Search on SLJ.com ....
Subscribe to SLJ
Nonfiction Matters
Inside Nonfiction Matters

We’re Going on a Fossil Hunt — Finding the Fantastic

I’ve often spoken here and elsewhere about the idea that a NF book is not just an illustrated text about a person or subject, it is also the result of a research and writing journey that can be a model for young people. Well this weekend my 11 year old son and I board a plane and 15 hours later we will land in South Africa to meet Dr. Lee Berger. In 2008 Dr. Berger and his son discovered the remains of an entirely unknown branch of hominids — which would be exciting enough, but the remains — which are still being found, and are only in the initial stages of being studied — are vastly more complete than anything we had before from this key phase in human evolution (2 million years ago).

We are going to visit the site, see the bones, see the lab where they are being studied, and then I’ll write a book with Dr. Berger. But from the start, my son and I will be Skyping to some schools, including his, from the lab, to let other students in on the excitement of being there, on the ground, with the scientists. We may be there as a key new insight comes either from the ground or from new tests. Just this Tuesday when I first met Dr. Berger in Washington, he got news that tests on teeth showed that the diet of these beings was not at all what we would have expected.

The heart of this book is that the past is opening up, is there to be found. Dr. Berger is certain there is much more not only in this one site, but throughout Africa and perhaps the world. We are in the Age of Discovery — Right Now — the mix of what new technologies allow, and what new thinking permits us to see, to imagine, and thus to find — means the adventure is just beginning. And that is the excitement we have to bring young people. We don’t have to turn to fantasy to find the fantastic — it is there in the relics of our remote ancestors, waiting to be found. Dr. Berger showed me the face of the 2 million year old boy — not a guess, not a hypothetical model based on assumptions — but a reconstruction that is as accurate as you looking in the mirror (with the exception of a bit of guess work on one nostril). Of course we’ll share that with all of you as soon as we can.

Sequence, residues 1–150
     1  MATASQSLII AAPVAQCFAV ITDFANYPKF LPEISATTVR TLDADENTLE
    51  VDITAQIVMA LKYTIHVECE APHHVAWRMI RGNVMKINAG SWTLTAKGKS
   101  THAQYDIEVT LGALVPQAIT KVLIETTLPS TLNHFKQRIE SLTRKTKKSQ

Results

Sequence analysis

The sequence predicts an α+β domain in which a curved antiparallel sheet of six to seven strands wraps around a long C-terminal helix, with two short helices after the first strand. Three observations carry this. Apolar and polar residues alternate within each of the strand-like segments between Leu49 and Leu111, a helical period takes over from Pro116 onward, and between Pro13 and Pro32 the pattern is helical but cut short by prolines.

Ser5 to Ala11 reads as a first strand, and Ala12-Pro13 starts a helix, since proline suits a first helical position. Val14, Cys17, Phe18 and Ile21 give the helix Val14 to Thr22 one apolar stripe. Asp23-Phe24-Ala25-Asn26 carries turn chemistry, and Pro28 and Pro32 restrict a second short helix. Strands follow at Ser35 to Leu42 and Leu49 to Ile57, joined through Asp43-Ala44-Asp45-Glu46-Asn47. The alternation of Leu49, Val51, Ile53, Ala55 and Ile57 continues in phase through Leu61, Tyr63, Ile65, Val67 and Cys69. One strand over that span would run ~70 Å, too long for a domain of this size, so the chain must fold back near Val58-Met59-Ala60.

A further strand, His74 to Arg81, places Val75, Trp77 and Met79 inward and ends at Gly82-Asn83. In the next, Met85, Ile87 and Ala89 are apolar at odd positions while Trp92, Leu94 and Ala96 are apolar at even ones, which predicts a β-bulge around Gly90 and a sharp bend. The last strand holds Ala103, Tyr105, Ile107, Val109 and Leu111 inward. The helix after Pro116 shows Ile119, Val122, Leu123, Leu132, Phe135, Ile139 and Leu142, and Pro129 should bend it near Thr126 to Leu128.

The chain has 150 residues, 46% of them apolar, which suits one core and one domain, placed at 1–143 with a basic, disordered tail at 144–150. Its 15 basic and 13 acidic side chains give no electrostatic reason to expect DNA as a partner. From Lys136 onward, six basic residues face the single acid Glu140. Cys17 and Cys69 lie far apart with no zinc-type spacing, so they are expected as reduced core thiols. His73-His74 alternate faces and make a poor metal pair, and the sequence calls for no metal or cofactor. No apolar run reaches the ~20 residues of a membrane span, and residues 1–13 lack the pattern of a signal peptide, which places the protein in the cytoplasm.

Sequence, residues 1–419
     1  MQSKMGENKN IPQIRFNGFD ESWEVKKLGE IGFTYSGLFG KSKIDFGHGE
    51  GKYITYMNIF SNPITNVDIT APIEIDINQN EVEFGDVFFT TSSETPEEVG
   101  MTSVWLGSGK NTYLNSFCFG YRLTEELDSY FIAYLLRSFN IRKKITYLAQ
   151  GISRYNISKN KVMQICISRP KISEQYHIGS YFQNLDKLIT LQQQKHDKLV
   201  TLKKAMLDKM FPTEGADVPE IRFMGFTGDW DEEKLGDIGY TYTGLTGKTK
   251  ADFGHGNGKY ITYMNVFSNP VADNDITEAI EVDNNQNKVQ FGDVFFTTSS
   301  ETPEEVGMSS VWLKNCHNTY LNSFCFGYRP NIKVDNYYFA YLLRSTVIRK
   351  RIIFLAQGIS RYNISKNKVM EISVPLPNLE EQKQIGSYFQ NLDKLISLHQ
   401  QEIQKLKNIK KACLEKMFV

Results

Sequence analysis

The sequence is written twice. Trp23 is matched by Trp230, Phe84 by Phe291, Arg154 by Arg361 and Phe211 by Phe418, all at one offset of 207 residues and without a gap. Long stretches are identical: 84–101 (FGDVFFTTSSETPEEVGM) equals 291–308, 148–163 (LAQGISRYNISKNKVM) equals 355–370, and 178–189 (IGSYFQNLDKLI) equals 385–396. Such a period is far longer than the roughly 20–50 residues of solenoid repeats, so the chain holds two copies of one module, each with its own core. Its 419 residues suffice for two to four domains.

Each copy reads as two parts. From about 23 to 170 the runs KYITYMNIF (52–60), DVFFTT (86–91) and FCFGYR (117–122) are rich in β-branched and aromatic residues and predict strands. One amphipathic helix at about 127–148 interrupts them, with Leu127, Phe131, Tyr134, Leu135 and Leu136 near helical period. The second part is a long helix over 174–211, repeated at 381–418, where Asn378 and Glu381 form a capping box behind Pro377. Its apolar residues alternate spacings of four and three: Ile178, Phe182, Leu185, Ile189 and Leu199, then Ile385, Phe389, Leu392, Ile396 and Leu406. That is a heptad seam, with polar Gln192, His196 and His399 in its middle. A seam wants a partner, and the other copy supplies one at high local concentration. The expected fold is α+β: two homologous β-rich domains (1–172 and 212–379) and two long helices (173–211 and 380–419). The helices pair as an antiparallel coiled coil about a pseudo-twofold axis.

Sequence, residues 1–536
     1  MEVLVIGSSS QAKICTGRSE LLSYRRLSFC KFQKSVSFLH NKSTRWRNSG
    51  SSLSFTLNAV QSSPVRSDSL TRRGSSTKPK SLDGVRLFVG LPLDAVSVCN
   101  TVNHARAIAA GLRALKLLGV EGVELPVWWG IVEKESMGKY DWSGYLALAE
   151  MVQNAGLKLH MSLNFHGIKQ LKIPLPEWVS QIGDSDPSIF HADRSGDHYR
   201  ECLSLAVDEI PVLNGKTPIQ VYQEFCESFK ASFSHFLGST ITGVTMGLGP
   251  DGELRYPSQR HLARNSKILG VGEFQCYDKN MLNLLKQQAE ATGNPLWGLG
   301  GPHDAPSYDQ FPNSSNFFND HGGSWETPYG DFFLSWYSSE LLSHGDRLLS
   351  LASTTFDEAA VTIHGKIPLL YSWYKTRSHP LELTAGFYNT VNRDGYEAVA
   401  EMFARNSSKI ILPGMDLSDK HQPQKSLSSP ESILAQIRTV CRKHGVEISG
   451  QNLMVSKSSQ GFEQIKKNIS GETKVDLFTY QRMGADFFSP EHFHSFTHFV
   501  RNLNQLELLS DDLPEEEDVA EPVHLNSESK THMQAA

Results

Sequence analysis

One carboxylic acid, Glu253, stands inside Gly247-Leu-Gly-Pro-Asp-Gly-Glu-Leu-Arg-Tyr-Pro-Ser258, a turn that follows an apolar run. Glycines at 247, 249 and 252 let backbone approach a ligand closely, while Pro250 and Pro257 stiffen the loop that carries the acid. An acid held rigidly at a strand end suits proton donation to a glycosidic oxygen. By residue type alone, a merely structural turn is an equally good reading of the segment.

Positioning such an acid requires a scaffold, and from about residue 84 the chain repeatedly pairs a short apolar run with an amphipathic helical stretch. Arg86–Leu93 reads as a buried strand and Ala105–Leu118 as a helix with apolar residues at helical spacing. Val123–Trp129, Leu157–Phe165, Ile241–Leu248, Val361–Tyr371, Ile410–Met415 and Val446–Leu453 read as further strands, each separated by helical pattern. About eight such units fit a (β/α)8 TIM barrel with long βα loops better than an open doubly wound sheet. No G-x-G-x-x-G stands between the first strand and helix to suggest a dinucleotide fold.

Comments

  1. Sally Walker says:

    Marc,
    I am GREEN with envy. As you know, I love researching bones, and really ancient bones are more than awesome.

    It’s wonderful that your son (and you) are going on this marvelous adventure. Can’t wait to read about it. Might your son “pen” some notes as part of your blog? I’d really like to read his take on the fossils and Dr. Berger’s research.

    safe travels,
    Sally

  2. Marc Aronson says:

    I would like him to post some thoughts, we’ll see.

  3. Anne Duncan says:

    Really fascinating!

  4. Marc Aronson says:

    thanks

  5. J.L. Powers says:

    I’m excited! Can’t wait to read it. I bet your trip to South Africa was fascinating–I love both that country and the whole continent.